I don't think it's all Richard's fault. What Richard has to do is be an active participant in his own rescue. Richard, that's over with now. Now we need to play with desperate effort, we need to just play solid team basketball and care more about the name on the front than the name on the back and work hard on a daily basis to improve your overall game. And of course defensively we need to get a heck of a lot better.
I'm challenging him, both on and off the court, to be the type of young man and player that he needs to be and should be.
Q: In regards to the spiral, how much of a cultural winning mentality are you facing, how much of that are you having to rebuild?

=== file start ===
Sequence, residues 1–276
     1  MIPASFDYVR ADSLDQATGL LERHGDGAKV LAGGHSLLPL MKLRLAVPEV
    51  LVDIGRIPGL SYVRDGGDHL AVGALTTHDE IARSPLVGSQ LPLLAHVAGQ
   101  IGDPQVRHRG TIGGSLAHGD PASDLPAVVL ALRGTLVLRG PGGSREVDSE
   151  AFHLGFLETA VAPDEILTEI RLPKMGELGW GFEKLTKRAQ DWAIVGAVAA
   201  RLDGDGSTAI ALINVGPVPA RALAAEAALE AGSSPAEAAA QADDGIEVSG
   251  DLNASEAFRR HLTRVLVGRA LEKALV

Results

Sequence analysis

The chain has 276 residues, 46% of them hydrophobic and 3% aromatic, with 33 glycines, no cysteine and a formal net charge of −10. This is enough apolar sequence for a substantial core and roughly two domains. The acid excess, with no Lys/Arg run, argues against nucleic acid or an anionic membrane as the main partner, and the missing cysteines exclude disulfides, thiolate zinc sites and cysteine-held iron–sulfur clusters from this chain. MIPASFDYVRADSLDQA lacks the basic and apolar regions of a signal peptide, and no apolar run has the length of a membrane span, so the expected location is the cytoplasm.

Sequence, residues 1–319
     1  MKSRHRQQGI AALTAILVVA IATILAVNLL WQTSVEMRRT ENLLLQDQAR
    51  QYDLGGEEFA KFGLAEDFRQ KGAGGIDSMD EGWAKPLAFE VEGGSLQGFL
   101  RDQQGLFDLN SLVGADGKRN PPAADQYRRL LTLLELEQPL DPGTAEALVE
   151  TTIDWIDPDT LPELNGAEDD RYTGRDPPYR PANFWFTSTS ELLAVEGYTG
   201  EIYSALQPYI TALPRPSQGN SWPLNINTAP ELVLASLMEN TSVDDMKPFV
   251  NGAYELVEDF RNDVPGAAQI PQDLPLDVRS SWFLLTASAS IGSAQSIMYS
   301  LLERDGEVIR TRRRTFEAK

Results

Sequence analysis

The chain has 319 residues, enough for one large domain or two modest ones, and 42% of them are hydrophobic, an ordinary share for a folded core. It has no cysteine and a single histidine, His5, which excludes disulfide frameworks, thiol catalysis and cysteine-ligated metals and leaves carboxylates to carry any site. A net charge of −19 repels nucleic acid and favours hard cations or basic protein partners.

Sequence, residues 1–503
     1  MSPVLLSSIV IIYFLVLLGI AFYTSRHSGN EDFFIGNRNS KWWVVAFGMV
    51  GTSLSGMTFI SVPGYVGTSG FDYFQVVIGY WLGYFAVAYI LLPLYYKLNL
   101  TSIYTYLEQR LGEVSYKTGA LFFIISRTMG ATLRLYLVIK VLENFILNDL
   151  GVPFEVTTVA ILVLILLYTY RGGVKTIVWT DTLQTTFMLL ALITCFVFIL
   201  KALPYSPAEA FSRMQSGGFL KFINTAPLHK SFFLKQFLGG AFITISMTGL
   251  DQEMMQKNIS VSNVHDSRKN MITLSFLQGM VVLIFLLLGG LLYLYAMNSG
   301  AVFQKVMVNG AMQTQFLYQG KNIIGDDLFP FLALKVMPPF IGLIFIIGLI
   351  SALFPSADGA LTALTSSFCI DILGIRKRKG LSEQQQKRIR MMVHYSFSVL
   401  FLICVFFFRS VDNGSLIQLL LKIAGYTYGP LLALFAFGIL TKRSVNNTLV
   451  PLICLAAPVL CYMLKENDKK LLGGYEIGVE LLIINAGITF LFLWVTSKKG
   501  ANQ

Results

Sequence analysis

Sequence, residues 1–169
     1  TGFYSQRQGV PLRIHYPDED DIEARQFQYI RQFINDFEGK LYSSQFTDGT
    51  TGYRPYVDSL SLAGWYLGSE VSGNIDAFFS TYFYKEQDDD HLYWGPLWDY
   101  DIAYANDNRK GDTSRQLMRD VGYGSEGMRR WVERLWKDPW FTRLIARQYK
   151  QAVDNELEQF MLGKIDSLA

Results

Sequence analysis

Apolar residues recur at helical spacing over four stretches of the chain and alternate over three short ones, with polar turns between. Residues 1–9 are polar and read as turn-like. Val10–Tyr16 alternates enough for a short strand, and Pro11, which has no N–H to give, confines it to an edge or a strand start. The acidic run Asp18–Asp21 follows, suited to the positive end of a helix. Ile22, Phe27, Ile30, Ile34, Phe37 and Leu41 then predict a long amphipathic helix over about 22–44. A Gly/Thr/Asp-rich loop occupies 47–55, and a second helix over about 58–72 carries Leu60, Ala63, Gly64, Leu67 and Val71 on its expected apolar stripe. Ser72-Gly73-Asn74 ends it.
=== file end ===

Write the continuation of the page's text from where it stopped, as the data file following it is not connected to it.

JEFF BZDELIK: You need to have an environment conducive to winning, and that comes off the court as much as on the court. You need to get up and eat breakfast and have lunch and dinner and go to bed at a decent time so you can be in optimum shape. The altitude is a factor. You need to make it a factor. I bring up the term desperate effort. That only gives us an opportunity to have a chance to be competitive in the game. Going to class, we're very tough on them in the classroom. If you don't care about your future and understand the school is a four to five-year investment in the next 40 or 50 years of your life, how are you going to be disciplined enough to do things right on the court. If you don't care about yourself, how are you going to care about someone else — that comes with team play.